Amanda Carlson, associate professor of art history, has published Africa in Florida: Five Hundred Years of African Presence in the Sunshine State (University Press of Florida, 2014), co-edited with Robin Poynor (University of Florida).
Dr. Carlson will discuss this recent publication on Monday, April 28, at 5:30 p.m. in East Hall 220. This event is free and open to the public.
Africa in Florida is a collection of essays and art, which demonstrates that African experiences in America are not monolithic and explores how Florida both shapes and is shaped by the multiple African diasporas that move through it. In addition to authoring the introductory essay, Carlson writes about the poet Adrian Castro, the photographer Gordon Bleach, Igbo masquerades, and representations of Africa in Florida's theme parks. Contributing authors from numerous disciplines discuss how free Africans, enslaved Africans, maroons, Black Seminoles, African Americans, Haitians, Afro-Cubans, Yoruba-Americans, and a myriad of recent immigrants from numerous countries in contemporary Africa have influenced Florida's history and culture.
In response to the 500th anniversary of documented African presence in Florida, this volume celebrates the ways in which Africans and people of African descent have shaped the history and visual culture of Florida and the United States. On April 2,1513, the first Africans arrived in Florida near contemporary Melbourne Beach. Juan Gárrido and Juan González [Ponce] de León were free, African men from Spain who accompanied Juan Ponce de León onto the shores of what would become La Florida. Carlson looks at this historical moment not as a voyage of exploration signaling the beginning of European colonization of what would become the continental United States but rather as the beginning of Black presence in Florida and by extension America.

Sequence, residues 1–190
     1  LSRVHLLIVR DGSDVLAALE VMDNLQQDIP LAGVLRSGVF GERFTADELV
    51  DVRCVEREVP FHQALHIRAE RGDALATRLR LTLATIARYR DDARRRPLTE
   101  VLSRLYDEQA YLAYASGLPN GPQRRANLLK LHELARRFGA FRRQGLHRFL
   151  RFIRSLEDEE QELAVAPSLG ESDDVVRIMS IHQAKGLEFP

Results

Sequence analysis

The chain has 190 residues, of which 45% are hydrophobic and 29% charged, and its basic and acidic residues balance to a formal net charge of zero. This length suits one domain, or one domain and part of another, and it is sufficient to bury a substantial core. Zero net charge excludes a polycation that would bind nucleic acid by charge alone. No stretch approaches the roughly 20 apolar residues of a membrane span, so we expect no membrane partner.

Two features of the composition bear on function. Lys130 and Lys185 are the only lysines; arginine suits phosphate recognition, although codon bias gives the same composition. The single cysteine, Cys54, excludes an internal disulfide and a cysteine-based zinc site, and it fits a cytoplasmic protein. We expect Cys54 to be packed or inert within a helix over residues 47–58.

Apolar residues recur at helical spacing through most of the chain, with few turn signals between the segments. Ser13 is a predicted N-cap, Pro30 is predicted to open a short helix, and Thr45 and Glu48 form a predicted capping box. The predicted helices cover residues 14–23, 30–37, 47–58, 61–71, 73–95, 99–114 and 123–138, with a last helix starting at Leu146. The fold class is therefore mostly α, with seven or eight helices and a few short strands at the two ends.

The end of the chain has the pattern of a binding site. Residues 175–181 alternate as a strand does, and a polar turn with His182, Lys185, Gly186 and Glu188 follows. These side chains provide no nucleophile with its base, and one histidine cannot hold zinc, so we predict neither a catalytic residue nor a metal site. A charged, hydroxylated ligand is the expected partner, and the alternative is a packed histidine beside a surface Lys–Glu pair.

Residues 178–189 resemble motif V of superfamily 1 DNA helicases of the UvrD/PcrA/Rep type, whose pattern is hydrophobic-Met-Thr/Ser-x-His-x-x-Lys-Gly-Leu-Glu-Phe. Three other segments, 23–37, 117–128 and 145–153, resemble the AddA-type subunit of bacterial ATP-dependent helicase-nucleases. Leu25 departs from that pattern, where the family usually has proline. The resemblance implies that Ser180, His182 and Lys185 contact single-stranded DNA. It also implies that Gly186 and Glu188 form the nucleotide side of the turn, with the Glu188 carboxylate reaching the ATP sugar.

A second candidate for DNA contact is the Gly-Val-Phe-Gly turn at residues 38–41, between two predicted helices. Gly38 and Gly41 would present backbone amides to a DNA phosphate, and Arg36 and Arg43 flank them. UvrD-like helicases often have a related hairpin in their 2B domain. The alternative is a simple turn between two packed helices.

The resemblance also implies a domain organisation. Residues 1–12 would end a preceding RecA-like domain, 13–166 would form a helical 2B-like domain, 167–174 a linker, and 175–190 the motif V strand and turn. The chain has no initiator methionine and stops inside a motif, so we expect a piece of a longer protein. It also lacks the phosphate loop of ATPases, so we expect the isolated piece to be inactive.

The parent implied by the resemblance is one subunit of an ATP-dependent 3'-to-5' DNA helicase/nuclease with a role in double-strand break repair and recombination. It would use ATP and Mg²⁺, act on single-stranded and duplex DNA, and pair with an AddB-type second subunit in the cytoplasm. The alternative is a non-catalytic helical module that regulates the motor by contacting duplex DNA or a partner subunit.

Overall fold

Africa in Florida received the College Art Association’s Wyeth Foundation for American Art Publication Grant, which allowed this heavily illustrated publication to be printed in full color. The research and production of this book also benefited from University of Hartford’s Richard J. Cardin and Vincent B. Coffin grants. More information about this publication is available on Carlson’s blog, “From Book to Blog: Africa in Florida,” at http://africaflorida.blogspot.com/.